Why and How to Customize a Processor

Why and How to Customize a Processor

Published on October 1, 2021
Featured image by Gerd Altmann from Pixabay.

Why customize?

Processor customization is one approach to optimizing a processor IP core to handle a certain workload. In some case it makes sense to design a dedicated core from scratch, but in many cases an existing core may partially meet your requirements and can be a good starting point for your optimized core.

In the past some processor IP vendors, notably ARC and TenSilica, offered extensible cores which allowed a limited amount of customization. However with Codasip Studio, the processor architecture and microarchitecture can be described with the CodAL language, offering far more degrees of freedom both in terms of ISA and microarchitecture.

This CodAL ability is particularly synergistic with the RISC-V ISA, but it can be applied to cores based on any other ISA too.

Customization and RISC-V

The RISC-V instruction set has three classes of instruction. There is a base instruction set for a given wordlength (32-, 64- or 128-bit), different groups of optional standard extensions, and non-standard custom extensions.

RISC-V processor performance trending upwards

RISC-V Modular Instruction Set. Source: Codasip.
This work © 2021 by Codasip Group is licensed under CC BY-NC-SA 4.0.

There is a large part of the opcode space which is available for custom extensions. A processor architect can use such extensions to deliver extra processing performance to address a given computational workload.

Codasip offers off-the-shelf RISC-V processor cores which are licensed in the usual way with RTL, a testbench, and SDK. These cores can also be licensed in the CodAL source code which was used to design the cores and to generate the SDK and HDK. The CodAL source can be edited to create custom extensions and to modify other architectural features.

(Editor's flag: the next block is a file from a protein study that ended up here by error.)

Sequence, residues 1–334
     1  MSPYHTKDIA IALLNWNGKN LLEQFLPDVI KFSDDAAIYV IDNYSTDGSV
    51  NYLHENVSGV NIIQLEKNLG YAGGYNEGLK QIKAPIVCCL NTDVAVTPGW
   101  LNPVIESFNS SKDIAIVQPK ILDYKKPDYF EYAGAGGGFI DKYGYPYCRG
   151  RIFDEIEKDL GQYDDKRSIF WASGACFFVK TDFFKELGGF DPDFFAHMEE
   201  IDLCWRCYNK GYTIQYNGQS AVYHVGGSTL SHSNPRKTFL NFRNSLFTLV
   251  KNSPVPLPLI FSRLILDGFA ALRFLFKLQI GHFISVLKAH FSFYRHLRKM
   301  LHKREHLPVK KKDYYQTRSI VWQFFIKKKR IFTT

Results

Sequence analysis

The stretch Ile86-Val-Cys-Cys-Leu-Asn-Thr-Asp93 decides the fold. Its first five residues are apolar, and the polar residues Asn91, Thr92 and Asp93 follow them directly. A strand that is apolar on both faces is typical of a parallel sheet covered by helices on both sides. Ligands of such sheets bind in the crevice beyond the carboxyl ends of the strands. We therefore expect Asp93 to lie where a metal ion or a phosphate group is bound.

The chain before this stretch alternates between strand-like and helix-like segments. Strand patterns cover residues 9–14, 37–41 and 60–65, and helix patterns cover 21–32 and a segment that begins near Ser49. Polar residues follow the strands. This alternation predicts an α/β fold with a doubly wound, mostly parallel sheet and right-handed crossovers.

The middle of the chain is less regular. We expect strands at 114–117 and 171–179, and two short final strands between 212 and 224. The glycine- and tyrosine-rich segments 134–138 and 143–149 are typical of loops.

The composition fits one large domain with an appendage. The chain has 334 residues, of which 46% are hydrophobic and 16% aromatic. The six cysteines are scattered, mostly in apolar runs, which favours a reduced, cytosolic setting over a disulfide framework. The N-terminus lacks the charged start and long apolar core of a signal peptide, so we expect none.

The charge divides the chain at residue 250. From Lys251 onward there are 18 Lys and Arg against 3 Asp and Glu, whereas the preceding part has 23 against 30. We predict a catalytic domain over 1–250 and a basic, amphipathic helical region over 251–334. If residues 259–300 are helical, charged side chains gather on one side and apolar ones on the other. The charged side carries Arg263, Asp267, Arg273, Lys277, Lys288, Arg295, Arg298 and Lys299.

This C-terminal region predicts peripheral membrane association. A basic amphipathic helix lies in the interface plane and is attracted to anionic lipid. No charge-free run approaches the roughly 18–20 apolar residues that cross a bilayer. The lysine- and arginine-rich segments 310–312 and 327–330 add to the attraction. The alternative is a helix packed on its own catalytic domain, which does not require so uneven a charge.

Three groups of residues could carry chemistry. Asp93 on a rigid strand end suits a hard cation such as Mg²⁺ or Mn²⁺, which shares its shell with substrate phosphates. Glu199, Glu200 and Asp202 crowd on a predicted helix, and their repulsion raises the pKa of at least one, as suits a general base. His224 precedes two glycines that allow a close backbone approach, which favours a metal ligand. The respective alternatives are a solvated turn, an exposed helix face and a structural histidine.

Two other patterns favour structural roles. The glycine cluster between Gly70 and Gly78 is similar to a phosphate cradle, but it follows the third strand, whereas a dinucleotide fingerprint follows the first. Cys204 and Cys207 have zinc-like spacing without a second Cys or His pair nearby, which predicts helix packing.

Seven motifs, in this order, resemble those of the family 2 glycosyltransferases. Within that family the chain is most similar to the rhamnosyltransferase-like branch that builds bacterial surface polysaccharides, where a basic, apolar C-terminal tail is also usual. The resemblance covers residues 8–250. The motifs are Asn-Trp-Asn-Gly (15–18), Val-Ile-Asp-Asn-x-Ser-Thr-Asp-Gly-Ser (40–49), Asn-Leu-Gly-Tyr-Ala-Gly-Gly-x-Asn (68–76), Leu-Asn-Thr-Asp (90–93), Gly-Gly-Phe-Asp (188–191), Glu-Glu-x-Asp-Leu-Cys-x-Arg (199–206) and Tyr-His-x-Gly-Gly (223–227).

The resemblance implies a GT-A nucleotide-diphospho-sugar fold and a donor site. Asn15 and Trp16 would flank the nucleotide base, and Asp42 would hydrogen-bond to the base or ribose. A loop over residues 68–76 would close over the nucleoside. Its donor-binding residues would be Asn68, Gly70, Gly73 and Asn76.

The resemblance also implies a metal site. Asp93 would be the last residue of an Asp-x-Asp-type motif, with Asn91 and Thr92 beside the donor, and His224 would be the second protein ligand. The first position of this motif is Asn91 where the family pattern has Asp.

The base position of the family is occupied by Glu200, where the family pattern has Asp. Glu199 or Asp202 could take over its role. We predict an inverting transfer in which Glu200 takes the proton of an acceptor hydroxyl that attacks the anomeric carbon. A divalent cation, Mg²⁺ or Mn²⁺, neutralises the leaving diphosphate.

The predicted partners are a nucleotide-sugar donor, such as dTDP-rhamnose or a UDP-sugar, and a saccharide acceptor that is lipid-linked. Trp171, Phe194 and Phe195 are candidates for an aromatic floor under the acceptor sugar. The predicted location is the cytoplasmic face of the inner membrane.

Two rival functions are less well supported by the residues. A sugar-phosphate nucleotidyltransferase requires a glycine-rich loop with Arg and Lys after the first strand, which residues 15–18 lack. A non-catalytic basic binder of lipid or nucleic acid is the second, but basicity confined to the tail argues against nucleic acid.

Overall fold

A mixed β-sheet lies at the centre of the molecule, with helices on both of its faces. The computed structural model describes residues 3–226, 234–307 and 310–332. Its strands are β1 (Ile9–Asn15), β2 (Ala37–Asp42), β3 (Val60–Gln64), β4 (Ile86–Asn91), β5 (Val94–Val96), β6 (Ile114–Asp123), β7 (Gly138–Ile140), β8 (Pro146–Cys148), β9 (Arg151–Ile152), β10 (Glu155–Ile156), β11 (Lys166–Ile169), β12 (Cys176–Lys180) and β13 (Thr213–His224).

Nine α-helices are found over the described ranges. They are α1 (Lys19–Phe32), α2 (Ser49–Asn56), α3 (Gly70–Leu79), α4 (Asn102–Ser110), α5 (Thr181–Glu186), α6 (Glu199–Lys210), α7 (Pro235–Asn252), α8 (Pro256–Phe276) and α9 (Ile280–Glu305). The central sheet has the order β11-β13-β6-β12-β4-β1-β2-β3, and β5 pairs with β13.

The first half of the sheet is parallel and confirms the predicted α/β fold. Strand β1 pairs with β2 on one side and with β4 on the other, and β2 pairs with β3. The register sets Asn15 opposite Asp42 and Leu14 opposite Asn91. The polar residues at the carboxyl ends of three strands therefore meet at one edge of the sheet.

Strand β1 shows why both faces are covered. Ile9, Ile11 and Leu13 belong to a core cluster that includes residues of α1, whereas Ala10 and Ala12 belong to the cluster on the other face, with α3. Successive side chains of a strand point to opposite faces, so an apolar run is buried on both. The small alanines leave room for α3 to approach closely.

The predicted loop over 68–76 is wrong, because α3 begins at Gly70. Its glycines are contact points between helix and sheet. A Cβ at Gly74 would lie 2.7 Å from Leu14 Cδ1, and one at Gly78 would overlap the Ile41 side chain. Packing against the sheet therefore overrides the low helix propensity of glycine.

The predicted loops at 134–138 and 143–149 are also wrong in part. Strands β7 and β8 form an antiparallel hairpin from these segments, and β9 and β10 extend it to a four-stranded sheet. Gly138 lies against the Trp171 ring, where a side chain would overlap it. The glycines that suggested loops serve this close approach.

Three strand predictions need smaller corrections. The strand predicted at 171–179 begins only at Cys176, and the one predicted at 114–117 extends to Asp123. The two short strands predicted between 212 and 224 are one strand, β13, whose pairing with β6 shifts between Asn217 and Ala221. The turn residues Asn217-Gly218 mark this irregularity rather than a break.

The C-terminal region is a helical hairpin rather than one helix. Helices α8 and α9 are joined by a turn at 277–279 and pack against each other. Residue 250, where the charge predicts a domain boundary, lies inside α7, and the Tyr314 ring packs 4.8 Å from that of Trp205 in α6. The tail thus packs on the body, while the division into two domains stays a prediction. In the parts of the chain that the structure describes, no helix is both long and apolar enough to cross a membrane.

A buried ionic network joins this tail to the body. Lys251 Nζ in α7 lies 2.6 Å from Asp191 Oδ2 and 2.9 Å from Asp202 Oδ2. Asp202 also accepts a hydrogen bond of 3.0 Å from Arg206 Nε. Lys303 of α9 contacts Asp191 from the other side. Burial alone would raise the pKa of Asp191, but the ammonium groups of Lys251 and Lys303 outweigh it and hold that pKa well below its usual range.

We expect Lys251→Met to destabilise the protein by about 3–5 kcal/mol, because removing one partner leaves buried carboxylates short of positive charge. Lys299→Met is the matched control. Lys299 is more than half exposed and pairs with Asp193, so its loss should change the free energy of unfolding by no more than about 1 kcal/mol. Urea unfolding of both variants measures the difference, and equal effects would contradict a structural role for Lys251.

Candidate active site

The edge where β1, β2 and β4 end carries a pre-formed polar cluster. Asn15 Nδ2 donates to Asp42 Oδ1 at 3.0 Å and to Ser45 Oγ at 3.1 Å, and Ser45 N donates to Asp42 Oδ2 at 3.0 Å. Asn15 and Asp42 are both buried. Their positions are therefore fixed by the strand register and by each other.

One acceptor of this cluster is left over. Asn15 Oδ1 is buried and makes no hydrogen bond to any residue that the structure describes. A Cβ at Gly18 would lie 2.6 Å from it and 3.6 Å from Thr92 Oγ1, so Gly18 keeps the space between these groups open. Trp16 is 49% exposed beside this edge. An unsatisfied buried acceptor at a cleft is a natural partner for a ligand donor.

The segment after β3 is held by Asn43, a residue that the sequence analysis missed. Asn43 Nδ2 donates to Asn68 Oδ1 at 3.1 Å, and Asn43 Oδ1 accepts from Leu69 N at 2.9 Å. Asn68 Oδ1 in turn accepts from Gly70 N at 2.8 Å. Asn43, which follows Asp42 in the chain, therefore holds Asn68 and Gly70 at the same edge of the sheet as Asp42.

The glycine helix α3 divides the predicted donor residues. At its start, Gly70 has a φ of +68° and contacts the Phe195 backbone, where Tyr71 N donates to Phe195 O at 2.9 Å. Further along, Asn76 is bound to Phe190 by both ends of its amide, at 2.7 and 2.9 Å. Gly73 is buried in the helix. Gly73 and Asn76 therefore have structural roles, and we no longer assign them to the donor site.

Microsemi used this approach on an audio design where they were seeking to replace a proprietary embedded core with a RISC-V one.1 They started with the base 32-bit instruction set but found that the cycle count was far too high. Adding the multiplication instructions improved performance but did not achieve their requirements. Finally, they worked with Codasip to create custom DSP extensions that significantly improved the performance 56 ×, with processor core gatecount growing 2.4 ×. Not only did they achieve their performance goal, but their codesize reduced from 232 kB to 64 kB, reducing the required instruction memory area 3.6 ×.

RISC-V processor performance trending upwards

The Microsemi case: Reducing cycle count with custom RISC-V extensions. Source: Codasip.

Codasip Studio provides two approaches to implementing the custom instructions in hardware:

  1. Implementing the logic in the processor pipeline,
  2. Connecting a co-processor with a generated interface.

Design Automation with Codasip Studio

The legacy approach to adding new instructions to a core is based on manual editing. Adding custom instructions must be reflected in the following areas:

  1. Software toolchain
  2. Instruction set simulator
  3. Verification environment
  4. RTL
Image

Design Automation without Codasip Studio. Source: Codasip.
This work © 2021 by Codasip Group is licensed under CC BY-NC-SA 4.0.

With the software toolchain, intrinsics can be created so that the new instructions are used by the compiler, but this also means that the application code needs updating. However, modifying the existing ISS and RTL are both potential sources of errors. Lastly if the verification environment needs changing, this is a further area for problems. Verifying these manual changes is a big challenge and adds risk to the design project.

Some vendors offer partially automated solutions, but by not covering all aspects of processor customization they still leave room for error due to the manual changes.

Image

Design Automation with Codasip Studio. Source: Codasip.
This work © 2021 by Codasip Group is licensed under CC BY-NC-SA 4.0.

In contrast, with Codasip the changes are only made to the CodAL source code. The LLVM toolchain is automatically generated with support for the new instructions. Similarly, the ISS and RTL are generated to include the custom instructions and can be checked using the updated UVM environment. This approach not only saves time, but is a more robust customization process. You can learn more on the topic in this paper, or explore Codasip Studio in more detail.

Image

Roddy Urquhart
Senior Marketing Director

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1 Source: Implementing RISC-V for IoT applications, Dan Ganousis & Vijay Subramaniam, DAC 2017.

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